One gets the impression there is more going on between Anna’s ears than what her behavior sometimes suggests – for example she clearly picks up on Kyotaro’s playing (or trying to play) the role of unsung hero for her early in the series. Moreover, in taking the initiative in befriending Kyotaro, Anna necessarily picks up on his awkwardness and that he would be interested in getting to know her if she could get over the initial barriers he built around himself. Finally, although I am a bit limited in what I can say in this area, it does become clear over the course of their getting to know one another that Anna picks up on some key points of Kyotaro – notably his low opinion of himself. (There is no evidence as of yet that she picks up on his early and mercifully discarded “dangerously unstable” fantasies.) There are points in the latter half of the season where Anna is patient with Kyotaro, perhaps evincing some understanding that his social skills leave something to be desired.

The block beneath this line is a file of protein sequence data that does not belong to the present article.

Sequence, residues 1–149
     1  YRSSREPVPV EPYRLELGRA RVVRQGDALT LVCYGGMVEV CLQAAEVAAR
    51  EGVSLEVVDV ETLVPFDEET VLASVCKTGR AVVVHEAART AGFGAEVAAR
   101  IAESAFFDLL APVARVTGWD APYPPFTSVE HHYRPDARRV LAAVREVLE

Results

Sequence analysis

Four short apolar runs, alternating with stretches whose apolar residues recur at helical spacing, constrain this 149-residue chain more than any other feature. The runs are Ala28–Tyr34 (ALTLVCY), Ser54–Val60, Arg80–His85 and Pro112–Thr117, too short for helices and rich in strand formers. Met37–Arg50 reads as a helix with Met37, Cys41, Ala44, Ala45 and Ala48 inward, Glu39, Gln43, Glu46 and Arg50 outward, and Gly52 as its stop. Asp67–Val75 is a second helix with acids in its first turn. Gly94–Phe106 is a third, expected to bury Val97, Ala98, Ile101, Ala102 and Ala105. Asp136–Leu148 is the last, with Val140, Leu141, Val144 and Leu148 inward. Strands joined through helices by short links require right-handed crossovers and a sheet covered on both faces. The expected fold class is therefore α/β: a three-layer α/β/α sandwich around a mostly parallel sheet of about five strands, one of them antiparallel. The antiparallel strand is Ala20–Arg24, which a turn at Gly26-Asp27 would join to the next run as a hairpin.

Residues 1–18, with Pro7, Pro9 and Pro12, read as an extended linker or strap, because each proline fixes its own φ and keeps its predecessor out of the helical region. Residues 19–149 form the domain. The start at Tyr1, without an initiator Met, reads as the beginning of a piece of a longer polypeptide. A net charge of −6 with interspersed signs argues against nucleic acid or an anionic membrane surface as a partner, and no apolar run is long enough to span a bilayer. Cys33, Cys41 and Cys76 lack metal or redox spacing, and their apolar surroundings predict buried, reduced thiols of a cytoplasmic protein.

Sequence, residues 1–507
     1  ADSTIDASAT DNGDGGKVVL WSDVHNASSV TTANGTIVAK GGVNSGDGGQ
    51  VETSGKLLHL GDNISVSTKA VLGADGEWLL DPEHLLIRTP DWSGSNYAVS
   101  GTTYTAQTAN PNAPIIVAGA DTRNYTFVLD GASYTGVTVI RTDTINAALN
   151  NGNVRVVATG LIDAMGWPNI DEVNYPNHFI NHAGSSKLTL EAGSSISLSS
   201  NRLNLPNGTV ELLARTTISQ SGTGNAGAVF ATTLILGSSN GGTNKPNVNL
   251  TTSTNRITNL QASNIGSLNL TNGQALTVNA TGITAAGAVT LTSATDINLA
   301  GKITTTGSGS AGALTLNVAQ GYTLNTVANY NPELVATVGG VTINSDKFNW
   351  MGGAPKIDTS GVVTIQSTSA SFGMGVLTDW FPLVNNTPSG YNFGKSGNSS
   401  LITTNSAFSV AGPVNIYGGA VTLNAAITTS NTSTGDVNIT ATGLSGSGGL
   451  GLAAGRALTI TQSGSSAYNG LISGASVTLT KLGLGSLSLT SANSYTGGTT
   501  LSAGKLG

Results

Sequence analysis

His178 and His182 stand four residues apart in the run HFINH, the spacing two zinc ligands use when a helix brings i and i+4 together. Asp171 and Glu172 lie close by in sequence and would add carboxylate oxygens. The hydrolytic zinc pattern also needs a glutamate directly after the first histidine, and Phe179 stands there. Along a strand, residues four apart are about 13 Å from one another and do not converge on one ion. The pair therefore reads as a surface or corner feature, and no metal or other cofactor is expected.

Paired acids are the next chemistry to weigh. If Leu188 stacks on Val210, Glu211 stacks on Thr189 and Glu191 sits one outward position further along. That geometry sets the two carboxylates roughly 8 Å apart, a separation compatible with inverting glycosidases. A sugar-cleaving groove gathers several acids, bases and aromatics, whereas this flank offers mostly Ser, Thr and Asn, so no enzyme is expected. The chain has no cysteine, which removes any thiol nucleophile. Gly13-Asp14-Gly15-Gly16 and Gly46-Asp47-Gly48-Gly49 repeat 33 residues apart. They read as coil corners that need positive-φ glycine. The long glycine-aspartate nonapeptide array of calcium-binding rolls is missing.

However, one issue with the depiction of the character of Anna is the structure of Dangers of My Heart. The first season very strongly benefits Kyotaro’s development because close to 100% of the series is seen from his perspective. The only Anna we see see is through Kyotaro’s eyes and the only additional information we receive are a few late-season exchanges between Kyotaro and Anna’s friends. While the relationship between Kyotaro and Anna is a central focus of every episode, it takes a while – well into the second half – for them to consistently have non-stunted conversations. Even then, we still have Kyotaro being held back by his extreme reluctance to get ahead of himself or let himself be optimistic about the possibility that Anna actually likes him as a friend, much less as more.